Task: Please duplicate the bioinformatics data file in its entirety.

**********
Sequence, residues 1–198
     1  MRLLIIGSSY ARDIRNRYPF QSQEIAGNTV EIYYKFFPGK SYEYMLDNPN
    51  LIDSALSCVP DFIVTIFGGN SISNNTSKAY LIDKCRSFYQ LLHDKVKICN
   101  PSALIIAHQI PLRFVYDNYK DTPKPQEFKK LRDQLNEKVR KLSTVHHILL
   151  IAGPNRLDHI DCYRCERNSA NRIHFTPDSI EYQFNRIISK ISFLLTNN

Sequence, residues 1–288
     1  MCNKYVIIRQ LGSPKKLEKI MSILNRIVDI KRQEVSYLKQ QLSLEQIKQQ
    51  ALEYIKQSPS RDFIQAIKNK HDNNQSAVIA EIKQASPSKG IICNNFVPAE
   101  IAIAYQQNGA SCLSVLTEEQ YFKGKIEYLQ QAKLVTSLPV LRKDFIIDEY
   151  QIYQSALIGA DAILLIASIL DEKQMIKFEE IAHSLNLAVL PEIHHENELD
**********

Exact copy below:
Sequence, residues 1–198
     1  MRLLIIGSSY ARDIRNRYPF QSQEIAGNTV EIYYKFFPGK SYEYMLDNPN
    51  LIDSALSCVP DFIVTIFGGN SISNNTSKAY LIDKCRSFYQ LLHDKVKICN
   101  PSALIIAHQI PLRFVYDNYK DTPKPQEFKK LRDQLNEKVR KLSTVHHILL
   151  IAGPNRLDHI DCYRCERNSA NRIHFTPDSI EYQFNRIISK ISFLLTNN

Sequence, residues 1–288
     1  MCNKYVIIRQ LGSPKKLEKI MSILNRIVDI KRQEVSYLKQ QLSLEQIKQQ
    51  ALEYIKQSPS RDFIQAIKNK HDNNQSAVIA EIKQASPSKG IICNNFVPAE
   101  IAIAYQQNGA SCLSVLTEEQ YFKGKIEYLQ QAKLVTSLPV LRKDFIIDEY
   151  QIYQSALIGA DAILLIASIL DEKQMIKFEE IAHSLNLAVL PEIHHENELD